Automated intensive care unit risk adjustment: results from a National Veterans Affairs study

Crit Care Med. 2003 Jun;31(6):1638-46. doi: 10.1097/01.CCM.0000055372.08235.09.


Context: Comparison of outcome among intensive care units (ICUs) requires risk adjustment for differences in severity of illness and risk of death at admission to the ICU, historically obtained by costly chart review and manual data entry.

Objective: To accurately estimate patient risk of death in the ICU using data easily available in hospital electronic databases to permit automation.

Design and setting: Cohort study to develop and validate a model to predict mortality at hospital discharge using multivariate logistic regression with a split derivation (17,731) and validation (11,646) sample formed from 29,377 consecutive first ICU admissions to medical, cardiac, and surgical ICUs in 17 Veterans' Health Administration hospitals between February 1996 and July 1997.

Main outcome measures: Mortality at hospital discharge adjusted for age, laboratory data, diagnosis, source of ICU admission, and comorbid illness.

Results: The overall hospital death rate was 11.3%. In the validation sample, the model separated well between survivors and nonsurvivors (area under the receiver operating characteristic curve = 0.885). Examination of the observed vs. the predicted mortality across the range of mortality showed the model was well calibrated.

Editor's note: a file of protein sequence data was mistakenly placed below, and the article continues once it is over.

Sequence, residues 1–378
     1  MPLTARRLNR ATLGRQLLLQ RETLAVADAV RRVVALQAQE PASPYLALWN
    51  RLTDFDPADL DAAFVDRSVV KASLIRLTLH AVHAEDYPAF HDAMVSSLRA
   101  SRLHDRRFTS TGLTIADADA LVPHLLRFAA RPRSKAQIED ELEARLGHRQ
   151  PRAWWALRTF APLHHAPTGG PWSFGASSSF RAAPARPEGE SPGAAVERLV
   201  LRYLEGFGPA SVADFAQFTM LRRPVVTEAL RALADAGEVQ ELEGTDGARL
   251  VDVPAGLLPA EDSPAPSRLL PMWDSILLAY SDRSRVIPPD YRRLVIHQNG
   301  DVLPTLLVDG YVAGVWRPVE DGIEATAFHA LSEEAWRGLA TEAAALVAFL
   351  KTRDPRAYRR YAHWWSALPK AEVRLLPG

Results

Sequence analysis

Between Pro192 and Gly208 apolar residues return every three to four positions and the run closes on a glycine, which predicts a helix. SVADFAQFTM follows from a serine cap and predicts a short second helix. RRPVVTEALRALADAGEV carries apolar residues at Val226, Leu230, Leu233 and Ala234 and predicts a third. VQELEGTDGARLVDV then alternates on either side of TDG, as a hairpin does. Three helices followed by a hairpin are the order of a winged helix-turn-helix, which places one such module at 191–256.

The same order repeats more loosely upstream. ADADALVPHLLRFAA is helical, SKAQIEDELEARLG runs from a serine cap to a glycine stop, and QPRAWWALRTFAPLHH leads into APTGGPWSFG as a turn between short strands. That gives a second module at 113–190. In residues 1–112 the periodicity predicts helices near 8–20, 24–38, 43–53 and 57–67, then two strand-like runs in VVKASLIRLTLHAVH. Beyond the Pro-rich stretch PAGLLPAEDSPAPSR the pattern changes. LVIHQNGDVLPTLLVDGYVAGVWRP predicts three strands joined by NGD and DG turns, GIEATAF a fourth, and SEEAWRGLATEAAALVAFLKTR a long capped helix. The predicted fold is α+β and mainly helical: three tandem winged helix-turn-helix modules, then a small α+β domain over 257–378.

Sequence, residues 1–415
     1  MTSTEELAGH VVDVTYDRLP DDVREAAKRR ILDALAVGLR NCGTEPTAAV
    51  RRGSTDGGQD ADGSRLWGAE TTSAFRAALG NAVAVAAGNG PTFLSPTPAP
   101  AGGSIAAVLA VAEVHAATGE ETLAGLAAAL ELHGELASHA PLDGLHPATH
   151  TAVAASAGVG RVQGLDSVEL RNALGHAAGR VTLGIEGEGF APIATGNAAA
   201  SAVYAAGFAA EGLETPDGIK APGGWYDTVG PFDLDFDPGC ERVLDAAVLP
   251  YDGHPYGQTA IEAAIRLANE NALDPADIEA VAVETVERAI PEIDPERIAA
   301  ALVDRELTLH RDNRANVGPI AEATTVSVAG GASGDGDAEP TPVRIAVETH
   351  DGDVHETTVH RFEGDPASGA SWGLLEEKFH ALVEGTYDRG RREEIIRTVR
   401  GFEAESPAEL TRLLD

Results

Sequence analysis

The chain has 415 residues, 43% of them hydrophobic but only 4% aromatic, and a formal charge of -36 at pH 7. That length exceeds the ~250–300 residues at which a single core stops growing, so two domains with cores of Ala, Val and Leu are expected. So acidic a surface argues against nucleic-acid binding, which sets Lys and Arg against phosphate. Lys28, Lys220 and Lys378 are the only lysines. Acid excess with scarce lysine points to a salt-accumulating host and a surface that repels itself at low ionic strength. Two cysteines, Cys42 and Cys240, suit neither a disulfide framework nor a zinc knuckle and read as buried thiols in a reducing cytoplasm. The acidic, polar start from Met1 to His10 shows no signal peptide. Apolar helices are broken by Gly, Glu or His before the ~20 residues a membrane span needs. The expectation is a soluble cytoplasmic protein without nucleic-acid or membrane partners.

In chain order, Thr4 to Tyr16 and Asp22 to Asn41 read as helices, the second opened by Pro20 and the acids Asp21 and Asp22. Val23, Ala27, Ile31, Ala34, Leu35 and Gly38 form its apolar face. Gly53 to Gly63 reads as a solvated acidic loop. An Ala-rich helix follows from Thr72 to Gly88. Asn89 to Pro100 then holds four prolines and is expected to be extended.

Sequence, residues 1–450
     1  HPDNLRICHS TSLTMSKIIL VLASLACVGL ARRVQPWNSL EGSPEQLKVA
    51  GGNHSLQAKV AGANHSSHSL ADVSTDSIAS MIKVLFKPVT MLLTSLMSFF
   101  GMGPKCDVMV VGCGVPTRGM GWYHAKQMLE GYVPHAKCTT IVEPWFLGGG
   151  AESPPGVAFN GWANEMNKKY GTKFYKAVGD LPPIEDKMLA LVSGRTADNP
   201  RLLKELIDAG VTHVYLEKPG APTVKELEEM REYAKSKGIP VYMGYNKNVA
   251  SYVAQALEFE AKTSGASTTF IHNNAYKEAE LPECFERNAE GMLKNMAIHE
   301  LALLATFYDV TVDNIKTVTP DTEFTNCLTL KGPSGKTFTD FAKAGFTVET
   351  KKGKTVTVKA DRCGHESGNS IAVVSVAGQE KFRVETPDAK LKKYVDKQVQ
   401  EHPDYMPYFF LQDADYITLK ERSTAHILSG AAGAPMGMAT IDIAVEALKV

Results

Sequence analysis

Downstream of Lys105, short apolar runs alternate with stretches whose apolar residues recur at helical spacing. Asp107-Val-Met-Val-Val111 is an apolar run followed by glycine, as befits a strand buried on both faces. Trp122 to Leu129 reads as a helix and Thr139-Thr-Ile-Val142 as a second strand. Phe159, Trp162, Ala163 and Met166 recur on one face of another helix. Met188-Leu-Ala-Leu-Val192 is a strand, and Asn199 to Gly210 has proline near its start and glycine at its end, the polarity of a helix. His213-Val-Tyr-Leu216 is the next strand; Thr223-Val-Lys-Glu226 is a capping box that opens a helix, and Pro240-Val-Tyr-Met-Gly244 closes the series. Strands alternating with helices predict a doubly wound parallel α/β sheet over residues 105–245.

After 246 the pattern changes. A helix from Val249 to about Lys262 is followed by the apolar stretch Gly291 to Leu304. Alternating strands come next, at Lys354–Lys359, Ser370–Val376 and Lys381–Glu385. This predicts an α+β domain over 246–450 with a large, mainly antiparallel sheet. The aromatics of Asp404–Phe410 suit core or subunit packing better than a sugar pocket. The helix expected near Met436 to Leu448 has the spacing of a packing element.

Conclusions: Automation could broaden access to risk adjustment of ICU outcomes with only a small trade-off in discrimination. Broader use might promote valid evaluation of ICU outcomes, encouraging effective practices and improving ICU quality.

Publication types

  • Multicenter Study
  • Research Support, U.S. Gov't, Non-P.H.S.
  • Validation Study

MeSH terms

  • Adult
  • Aged
  • Aged, 80 and over
  • Automation
  • Calibration
  • Female
  • Hospital Information Systems / statistics & numerical data*
  • Hospital Mortality
  • Hospitals, Veterans / standards*
  • Hospitals, Veterans / statistics & numerical data
  • Humans
  • Intensive Care Units / standards*
  • Intensive Care Units / statistics & numerical data
  • Male
  • Middle Aged
  • Reproducibility of Results
  • Risk Adjustment / methods*
  • Risk Assessment
  • Severity of Illness Index
  • United States / epidemiology